Major riot breaks out in Spain: rioters burn down cars and set fire to banks, after propaganda spreads accusing a police officer of killing an African man

By Estefania Aguirre ( European correspondant)

On March 15, protesters took to the streets after the left-wing party Podemos – believed to have strong ties with the Bilderberg Group – blamed police for the death of a Senegalese immigrant in Madrid, Spain, who died of a heart attack.

In the aftermath of the unrest, during which demonstrators set fire to trash bins, parked cars and three bank branches during a wave of clashes with police that went on for two days, El ABC labelled Lavapiés as a ‘war zone.’

Twitter: the neighbourhood of Lavapiés in Madrid, Spain


Rock that was thrown and broke through a car window in Lavapiés in Madrid, Spain

In her book ‘Los planes de Bilderberg para España’ (Bilderberg’s plans for Spain), Cristina Martín Jiménez affirms that “Europe is today the laboratory of a possible world government. And this laboratory has grown thanks to the countries of southern Europe: Italy, Portugal, Greece and Spain.”

Javier Solana, former secretary general of the Council of the European Union who attended the Bilderberg meeting held in Sitges, Spain, in 2010, made reference to the idea of a world government during an academic conference in Barcelona.

Podemos – who claims to be an anti-globalisation party but has never criticised Bilderberg for its one world government views – appointed Juan Torres López, of the Universidad de Sevilla, and Vicenç Navarro, of the Johns Hopkins University in Baltimore, Maryland, to draft its economic plan in 2014.

One of the proposals of a book written by López and Navarro, Hay alternativas (There are alternatives), which is the basis of the economic programme of Podemos, is “the establishment of a world government that allows to compensate and reduce the power of international private groups, as well as facilitate the establishment of a different world.”

Podemos also supports the LGBT movement, now widely considered in Spain to be an ideology that protects women’s rights, and on March 8, the country witnessed what El Mundo reported was among the world’s largest women’s marches next to those of Istanbul, Kabul and Tehran.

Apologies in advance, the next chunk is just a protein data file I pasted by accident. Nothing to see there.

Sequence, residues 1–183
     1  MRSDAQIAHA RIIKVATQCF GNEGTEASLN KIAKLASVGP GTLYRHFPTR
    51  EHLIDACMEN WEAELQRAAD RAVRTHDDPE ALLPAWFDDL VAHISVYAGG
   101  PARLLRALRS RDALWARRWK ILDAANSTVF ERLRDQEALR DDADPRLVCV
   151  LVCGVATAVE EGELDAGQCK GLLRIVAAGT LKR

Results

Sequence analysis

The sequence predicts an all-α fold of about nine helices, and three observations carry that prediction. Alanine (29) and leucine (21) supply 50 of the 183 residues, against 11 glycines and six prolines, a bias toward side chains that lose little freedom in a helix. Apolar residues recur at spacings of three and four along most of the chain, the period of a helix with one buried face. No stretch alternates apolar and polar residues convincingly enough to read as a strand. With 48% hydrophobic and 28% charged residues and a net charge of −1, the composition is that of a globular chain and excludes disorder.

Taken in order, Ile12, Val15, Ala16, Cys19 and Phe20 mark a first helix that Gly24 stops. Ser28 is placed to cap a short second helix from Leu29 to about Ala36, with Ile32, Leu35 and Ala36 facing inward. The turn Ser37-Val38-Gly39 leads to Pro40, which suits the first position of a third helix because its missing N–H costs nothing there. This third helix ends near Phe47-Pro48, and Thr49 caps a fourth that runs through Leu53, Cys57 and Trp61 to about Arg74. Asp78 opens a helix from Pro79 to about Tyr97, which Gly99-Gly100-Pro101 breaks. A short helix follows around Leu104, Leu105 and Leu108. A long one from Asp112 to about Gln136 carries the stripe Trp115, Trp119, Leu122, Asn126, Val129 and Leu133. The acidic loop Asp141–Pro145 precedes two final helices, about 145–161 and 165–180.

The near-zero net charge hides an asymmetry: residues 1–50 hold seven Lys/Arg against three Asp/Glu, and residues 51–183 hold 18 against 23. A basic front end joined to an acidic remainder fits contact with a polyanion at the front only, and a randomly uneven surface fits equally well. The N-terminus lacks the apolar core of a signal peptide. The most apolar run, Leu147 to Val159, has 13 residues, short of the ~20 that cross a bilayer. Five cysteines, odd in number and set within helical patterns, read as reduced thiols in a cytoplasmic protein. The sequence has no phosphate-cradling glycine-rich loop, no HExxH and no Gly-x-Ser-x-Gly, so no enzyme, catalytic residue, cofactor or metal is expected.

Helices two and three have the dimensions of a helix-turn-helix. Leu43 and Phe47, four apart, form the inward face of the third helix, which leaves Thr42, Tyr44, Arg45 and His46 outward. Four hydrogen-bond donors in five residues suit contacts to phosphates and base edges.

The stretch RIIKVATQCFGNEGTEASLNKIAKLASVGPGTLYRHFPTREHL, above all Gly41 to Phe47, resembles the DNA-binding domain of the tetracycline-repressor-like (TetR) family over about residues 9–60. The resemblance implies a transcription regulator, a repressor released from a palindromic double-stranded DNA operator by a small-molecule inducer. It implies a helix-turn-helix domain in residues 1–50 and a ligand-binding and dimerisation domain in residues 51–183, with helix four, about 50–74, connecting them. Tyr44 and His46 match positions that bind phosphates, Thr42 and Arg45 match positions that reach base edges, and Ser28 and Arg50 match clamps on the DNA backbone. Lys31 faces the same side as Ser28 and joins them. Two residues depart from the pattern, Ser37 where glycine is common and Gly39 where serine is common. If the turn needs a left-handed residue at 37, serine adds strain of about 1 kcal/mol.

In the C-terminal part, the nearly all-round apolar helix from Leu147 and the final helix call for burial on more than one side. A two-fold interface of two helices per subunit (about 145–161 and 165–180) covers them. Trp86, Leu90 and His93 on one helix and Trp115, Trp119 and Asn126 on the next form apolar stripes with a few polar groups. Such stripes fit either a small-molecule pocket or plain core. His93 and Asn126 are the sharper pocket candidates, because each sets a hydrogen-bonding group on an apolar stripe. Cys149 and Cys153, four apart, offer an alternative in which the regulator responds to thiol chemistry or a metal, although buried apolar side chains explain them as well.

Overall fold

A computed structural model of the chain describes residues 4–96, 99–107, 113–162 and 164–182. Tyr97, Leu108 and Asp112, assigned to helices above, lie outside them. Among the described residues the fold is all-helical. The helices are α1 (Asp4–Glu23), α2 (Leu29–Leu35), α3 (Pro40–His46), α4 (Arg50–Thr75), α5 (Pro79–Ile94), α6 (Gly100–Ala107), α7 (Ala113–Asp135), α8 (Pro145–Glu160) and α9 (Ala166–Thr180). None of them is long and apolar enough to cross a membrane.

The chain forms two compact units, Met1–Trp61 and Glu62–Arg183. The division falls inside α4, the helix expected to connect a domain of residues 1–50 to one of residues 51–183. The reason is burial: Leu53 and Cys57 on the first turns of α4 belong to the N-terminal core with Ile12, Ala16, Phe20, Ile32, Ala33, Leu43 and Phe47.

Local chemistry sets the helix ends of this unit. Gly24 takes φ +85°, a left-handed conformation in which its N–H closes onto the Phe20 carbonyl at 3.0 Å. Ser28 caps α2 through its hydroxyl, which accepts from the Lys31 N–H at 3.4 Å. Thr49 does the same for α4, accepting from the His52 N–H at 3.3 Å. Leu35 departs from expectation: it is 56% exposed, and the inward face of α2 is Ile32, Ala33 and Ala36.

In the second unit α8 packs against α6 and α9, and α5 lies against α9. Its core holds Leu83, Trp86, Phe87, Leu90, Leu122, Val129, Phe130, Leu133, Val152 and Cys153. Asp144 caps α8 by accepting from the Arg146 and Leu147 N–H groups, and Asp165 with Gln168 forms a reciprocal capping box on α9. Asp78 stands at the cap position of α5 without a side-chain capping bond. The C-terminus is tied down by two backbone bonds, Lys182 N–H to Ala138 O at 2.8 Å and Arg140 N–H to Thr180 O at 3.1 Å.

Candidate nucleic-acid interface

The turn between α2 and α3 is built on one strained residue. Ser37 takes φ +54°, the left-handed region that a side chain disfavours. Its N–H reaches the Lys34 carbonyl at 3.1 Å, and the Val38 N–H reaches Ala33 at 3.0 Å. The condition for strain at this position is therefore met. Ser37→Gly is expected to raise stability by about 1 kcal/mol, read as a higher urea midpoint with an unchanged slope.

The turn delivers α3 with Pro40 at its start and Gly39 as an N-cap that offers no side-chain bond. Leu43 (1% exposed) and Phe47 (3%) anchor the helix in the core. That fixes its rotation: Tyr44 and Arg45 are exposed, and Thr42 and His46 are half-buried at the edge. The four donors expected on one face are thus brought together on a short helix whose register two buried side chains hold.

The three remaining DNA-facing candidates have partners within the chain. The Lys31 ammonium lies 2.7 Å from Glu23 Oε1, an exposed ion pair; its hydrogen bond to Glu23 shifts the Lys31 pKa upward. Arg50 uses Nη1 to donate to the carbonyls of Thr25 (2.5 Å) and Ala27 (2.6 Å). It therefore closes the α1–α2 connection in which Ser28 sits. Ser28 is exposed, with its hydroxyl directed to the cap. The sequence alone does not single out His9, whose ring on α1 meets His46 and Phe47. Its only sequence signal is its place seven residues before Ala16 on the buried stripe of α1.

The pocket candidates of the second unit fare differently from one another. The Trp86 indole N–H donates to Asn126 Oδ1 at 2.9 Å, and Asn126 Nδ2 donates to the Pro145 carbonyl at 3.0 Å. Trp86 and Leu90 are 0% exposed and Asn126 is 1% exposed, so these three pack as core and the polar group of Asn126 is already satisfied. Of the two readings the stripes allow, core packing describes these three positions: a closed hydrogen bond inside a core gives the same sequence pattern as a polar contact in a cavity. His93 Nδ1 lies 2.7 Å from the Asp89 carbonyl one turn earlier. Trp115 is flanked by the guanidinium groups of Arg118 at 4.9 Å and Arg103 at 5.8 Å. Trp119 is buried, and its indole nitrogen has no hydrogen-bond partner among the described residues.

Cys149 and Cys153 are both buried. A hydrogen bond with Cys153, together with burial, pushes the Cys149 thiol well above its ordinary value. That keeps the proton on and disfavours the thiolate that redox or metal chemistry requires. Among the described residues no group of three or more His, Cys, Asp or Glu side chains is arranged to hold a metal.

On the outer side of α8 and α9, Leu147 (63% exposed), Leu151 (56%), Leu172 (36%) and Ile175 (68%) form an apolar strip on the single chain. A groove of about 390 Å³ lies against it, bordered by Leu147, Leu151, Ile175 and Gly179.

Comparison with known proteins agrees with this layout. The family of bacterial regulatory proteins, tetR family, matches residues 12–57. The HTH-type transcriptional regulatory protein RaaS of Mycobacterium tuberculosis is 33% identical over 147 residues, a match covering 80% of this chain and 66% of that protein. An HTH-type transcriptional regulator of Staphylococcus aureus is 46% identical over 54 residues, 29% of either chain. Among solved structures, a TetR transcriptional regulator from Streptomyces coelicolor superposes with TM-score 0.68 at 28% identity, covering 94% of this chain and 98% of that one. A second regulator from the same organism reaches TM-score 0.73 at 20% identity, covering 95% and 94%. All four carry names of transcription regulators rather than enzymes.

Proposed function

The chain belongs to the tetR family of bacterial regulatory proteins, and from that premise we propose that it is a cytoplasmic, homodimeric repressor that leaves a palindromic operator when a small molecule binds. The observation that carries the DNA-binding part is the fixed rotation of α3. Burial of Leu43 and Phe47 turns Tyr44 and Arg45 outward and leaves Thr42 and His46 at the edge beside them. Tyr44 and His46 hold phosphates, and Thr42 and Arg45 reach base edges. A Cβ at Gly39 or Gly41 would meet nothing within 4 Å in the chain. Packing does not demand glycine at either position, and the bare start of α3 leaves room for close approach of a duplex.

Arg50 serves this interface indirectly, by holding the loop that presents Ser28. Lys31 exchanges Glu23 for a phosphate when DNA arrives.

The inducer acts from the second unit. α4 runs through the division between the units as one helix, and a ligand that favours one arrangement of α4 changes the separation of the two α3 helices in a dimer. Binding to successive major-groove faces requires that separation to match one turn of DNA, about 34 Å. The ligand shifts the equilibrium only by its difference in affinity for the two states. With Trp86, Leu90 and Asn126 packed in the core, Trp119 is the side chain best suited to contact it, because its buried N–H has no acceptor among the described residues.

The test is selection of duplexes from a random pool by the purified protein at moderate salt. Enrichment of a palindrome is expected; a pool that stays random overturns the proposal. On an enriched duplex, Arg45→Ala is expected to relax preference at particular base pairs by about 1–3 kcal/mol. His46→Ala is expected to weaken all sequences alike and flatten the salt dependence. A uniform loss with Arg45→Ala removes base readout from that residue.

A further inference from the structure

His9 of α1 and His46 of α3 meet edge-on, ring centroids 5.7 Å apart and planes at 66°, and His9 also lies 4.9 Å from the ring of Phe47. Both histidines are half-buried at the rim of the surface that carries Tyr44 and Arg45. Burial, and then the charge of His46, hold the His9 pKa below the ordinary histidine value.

The march included actions such as intimidating women who did not want to participate, vandalising local churches across the country and stripping their clothes off in front of the cathedral of San Sebastian in the Basque Autonomous Community.

The Bilderberg Group – aristocrats, members of royalty, politicians and heads of media – may also be using anti-Islamic propaganda and ‘coerced engineered migration’ (Kelly Greenhill, PhD) in Europe to destabilize it as a form of new imperialism, which aims at dividing and conquering through revolts and social unrest in a period of mass unemployment and austerity.

In Italy, 300 angry protesters suddenly took to the streets on March 6 after the death of a Senegalese immigrant in Florence by a man who insisted it was not racially motivated.

In the United Kingdom, the English Defense League has been growing in popularity after three anti-Islamic activists with big social media followings were refused entry to the country earlier this week. Its leader Stephen Christopher Yaxley, better known as Tommy Robinson, has now nearly half a million followers on his Twitter account.

On March 11, the Sunday Mirror published a story affirming that there were 1,000 abuse victims of Muslim gangs in Telford, England – a number which police later said had been exaggerated and ‘sensationalised.’

Many Europeans will not submit to these proxy wars nor to the interests of the members of Bilderberg – a very small but tyrannical ruling elite, which hopes to install policies without the actual consent of the population.